Beti appears twice on here: "Nazr" is mostly serpentine movie-house organs, persian silk percussion and snake charmer vocals. It's hypnotic and sultry, begin planning your next seduction now. The hook sounds like it's running out of time or energy, perhaps falling into a pit of lava, doomed to re-incarnation, starting all over. I like the sixties dust of the wheezy organ, there’s a flea market/bazaar quality to these sounds that mark them ‘other’, that makes this whole record seem trippily psychedelic and mind-boggling.
"Khooneh Kaleh" is far more futuristic, full of flying saucers and zapping lasers; what it might sound like if the Close Encounters aliens had descended upon a street-market in Marrakesh. It's got that Ethiopiques, rolling polyrhythmic funk that thrills and delights the discerning digger. Those that have been craving more international espionage and romance in their lives will love the cardamon spice of Beti’s tracks. I couldn’t find much information on the artist, not sure if it’s a ‘she’ or a ‘they’, but her tracks have been popping up on re-issue comps the past couple of years, it seems the cognoscenti are catching on to her charms.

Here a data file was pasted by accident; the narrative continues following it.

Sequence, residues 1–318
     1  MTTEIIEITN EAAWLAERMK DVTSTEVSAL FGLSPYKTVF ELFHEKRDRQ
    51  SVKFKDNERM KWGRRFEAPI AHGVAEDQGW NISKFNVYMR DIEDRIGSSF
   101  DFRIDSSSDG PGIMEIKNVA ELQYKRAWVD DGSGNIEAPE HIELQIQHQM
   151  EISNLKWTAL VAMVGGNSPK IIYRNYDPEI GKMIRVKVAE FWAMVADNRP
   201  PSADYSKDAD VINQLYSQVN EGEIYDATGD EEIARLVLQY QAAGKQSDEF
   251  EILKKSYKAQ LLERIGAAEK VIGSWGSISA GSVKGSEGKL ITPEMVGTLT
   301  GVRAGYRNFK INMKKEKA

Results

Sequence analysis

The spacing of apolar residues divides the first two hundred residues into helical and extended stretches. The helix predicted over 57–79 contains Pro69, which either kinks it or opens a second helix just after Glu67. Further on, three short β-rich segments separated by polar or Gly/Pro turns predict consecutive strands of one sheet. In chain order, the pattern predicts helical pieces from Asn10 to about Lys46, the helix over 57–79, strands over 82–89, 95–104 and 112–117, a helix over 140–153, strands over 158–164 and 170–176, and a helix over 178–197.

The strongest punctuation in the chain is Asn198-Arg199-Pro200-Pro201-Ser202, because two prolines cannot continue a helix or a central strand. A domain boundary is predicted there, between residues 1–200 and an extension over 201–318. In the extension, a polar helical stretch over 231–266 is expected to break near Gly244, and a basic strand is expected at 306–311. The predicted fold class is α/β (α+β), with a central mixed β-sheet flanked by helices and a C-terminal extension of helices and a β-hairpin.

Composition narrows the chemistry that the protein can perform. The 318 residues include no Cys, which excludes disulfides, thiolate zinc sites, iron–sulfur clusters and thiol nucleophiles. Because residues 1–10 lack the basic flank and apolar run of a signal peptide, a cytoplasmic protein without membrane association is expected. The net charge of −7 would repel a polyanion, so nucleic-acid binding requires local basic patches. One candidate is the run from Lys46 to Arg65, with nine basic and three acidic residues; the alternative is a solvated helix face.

"Nasim-E Yaar" by Soli is 60s psychedelic elevator music: think Canned Heat playing with Funkadelic. This is one of the ‘straightest’ (ie. ‘whitest’ or ‘most western’) of the bunch, full of Moroder brass and hard-hitting breakdrumming. The slurring, half-time hook is tight and thrilling, and refreshing to hear, after a billion hours of tightly-quantized machine music. Loose and precise as a drunken sniper; unleash this at your next Bollywood night.